Private heart ops deal for NHS patients agreed by minister

Cardiac care improvements have been promised by the Welsh government

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The Welsh NHS is paying for some cardiac patients to be treated at a private clinic in Bristol to reduce the waiting list, it has emerged.

It comes as surgeons in Wales say they are still waiting for answers over what is being done about heart patients dying while waiting for operations.

The Royal College of Surgeons (RCS) wrote to Health Inspectorate Wales (HIW) in July last year.

Shadow Health Minister Darren Millar AM has accused ministers of "hypocrisy".

'Extra capacity'

The Welsh government said it had agreed the Welsh Health Specialised Services Committee (WHSSC) could buy cardiac surgery services from Spire Hospital, Bristol, and three NHS facilities in England until 30 September.

Start Quote

This is an admission that there are severe problems in meeting the demand for cardiac services in Wales”

End Quote Darren Millar AM Shadow Health Minister

Health Minister Mark Drakeford has given his consent to a deal by the Welsh Health Specialised Services Committee (WHSSC), hosted by Cwm Taf, involving about 80 patients from south Wales.

WHSSC interim director Stephen Harrhy said: "We have commissioned extra capacity in England this financial year and in 2014-15 to help reduce long waiting times for patients in south Wales.

"Cardiologists are reviewing their patients to identify those most at risk and offer them the alternative option of treatment in Bristol, Birmingham or London. Patients will also continue to be treated in south Wales.

"We know the quality of cardiac surgery in south Wales is excellent and outcomes for patients are very good but we need to increase capacity to meet current and future demand.

"We have a medium-term plan to increase both surgical and critical care capacity in south Wales and we are committed to a two-year plan to reduce waiting times."

In 2011, the Welsh government said local health boards should explore all possible ways of meeting targets, including private clinics, in the separate field of orthopaedic surgery.

But the then health minister Lesley Griffiths said the private sector should only be considered in the short term as a "last option".

Mr Millar said the cardiac surgery deal signed off by the current health minister was the "height of cynicism and hypocrisy".

He said: "This is an admission that there are severe problems in meeting the demand for cardiac services in Wales and that the Royal College of Surgeons is right that patients are dying waiting too long for treatment.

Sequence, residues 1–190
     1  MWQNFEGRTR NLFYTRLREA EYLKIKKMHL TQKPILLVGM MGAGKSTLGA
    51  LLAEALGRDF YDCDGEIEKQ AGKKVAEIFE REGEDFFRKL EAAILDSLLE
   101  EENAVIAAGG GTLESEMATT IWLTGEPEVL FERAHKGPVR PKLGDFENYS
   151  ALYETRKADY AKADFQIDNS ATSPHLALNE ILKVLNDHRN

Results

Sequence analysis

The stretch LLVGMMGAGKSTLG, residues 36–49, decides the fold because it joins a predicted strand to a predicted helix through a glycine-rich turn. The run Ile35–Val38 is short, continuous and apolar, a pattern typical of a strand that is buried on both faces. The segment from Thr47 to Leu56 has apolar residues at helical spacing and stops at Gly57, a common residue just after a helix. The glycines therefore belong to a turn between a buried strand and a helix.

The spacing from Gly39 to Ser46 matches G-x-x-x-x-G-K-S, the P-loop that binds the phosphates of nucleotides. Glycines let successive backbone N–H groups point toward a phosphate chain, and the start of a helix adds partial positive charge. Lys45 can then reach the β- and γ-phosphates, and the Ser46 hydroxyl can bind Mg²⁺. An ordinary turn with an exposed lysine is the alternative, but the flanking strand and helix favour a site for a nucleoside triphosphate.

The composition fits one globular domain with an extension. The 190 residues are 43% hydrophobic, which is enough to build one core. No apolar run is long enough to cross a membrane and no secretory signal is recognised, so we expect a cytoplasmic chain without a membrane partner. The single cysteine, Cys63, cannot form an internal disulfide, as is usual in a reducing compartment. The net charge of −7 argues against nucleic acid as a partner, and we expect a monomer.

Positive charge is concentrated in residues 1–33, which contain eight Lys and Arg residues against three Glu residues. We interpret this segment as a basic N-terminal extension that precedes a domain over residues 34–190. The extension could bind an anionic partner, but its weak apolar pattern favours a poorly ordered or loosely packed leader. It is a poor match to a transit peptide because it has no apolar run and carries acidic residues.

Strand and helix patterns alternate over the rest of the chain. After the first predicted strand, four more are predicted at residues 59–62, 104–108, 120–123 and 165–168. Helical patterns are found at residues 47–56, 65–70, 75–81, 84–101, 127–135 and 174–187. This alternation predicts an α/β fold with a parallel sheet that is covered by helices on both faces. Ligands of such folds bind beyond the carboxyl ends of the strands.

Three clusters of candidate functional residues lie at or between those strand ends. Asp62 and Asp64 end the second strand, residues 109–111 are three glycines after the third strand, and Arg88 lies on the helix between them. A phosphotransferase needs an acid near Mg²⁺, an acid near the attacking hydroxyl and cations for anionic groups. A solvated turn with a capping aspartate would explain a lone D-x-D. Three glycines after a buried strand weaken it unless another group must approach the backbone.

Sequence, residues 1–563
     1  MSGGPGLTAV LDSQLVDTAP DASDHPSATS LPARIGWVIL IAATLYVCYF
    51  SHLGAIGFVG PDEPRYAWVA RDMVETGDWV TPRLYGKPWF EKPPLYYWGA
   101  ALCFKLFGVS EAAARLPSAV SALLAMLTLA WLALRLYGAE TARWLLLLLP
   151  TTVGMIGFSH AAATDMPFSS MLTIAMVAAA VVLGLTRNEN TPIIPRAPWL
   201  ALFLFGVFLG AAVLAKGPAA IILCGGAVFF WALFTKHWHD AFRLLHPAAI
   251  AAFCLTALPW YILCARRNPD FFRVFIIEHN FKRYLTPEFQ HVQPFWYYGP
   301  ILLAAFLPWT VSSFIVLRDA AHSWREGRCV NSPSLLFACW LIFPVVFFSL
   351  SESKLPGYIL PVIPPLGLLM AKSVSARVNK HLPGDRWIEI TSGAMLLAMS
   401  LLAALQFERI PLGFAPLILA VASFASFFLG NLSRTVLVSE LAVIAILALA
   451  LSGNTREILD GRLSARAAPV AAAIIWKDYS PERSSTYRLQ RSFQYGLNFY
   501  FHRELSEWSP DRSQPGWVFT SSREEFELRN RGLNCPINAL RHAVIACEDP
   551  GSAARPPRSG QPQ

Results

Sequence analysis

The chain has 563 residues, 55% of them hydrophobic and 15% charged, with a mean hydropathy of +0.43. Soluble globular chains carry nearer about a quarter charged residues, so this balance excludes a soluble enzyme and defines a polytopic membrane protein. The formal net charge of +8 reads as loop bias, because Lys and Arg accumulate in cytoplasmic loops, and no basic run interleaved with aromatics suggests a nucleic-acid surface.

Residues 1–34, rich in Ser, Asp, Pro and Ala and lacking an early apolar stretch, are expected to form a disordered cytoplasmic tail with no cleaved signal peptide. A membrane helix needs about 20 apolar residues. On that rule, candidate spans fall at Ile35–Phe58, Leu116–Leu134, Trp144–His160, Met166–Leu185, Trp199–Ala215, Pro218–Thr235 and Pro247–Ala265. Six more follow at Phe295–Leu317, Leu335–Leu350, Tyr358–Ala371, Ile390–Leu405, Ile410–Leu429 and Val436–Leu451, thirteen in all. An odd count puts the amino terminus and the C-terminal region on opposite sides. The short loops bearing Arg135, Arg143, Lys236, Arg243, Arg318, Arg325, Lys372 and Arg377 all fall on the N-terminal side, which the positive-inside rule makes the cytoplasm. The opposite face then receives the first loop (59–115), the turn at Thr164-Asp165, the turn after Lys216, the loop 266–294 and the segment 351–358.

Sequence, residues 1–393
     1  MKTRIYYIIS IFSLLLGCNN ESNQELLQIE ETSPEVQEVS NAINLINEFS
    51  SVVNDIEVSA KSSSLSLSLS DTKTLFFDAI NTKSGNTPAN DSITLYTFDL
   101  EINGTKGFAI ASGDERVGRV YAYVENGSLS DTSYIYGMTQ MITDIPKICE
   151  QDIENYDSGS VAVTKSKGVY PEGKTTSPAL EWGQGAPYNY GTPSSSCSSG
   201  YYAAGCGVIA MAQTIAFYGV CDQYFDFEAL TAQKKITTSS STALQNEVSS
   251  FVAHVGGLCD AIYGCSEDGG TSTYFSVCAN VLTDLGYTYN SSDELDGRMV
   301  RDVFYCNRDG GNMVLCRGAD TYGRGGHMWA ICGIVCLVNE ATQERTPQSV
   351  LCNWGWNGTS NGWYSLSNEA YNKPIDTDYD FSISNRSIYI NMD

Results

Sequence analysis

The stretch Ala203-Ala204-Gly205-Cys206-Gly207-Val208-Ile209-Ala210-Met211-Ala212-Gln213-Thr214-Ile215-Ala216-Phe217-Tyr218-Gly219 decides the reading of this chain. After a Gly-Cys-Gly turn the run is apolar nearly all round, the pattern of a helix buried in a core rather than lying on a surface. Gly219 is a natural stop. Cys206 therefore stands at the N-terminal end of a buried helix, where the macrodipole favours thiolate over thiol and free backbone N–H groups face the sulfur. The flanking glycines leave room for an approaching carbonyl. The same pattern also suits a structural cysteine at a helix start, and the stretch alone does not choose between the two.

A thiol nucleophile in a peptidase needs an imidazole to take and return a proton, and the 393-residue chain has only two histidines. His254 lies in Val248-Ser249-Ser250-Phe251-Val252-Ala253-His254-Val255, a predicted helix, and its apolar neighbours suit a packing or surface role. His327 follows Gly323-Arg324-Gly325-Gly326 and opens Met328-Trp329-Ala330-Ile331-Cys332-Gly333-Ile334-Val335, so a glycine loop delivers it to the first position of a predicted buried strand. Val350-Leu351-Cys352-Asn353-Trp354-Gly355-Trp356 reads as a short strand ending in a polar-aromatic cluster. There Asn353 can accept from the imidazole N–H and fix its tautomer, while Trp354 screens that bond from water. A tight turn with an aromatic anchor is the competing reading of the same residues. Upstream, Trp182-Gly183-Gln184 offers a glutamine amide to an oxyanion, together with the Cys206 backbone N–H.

Death rates

"The Royal College of Surgeons first raised these concerns six months ago and Labour ministers simply sat on their hands.

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We also know there is not enough capacity to meet current demand which is why we have already put in place a number of immediate steps to speed up treatment”

End Quote Welsh government

"Yet on the very day that the Royal College of Surgeons raises further concerns in the media, the Welsh Labour government slips out information about a contract with a private hospital in Bristol, despite its previous ideological pledge to keep the independent sector out of the NHS."

News of the deal emerged as the RCS returned to its concerns saying it was still waiting for answers over what is being done.

HIW has said it will respond in due course.

The University Hospital of Wales (UHW) in Cardiff and Morriston Hospital in Swansea are the two centres in Wales where heart patients who need specialist treatment and cardiac surgery are referred.

A Welsh government spokesperson said: "The quality of cardiac surgery in south Wales is very good as are the outcomes for patients.

"However, we also know there is not enough capacity to meet current demand which is why we have already put in place a number of immediate steps to speed up treatment, including offering patients treatment at other cardiac centres and undertaking surgery at weekend.

"In the longer term we are further investing in increase capacity to Wales."

The concern over heart patients follows a row over whether an inquiry is needed into death rates at Welsh hospitals in general.

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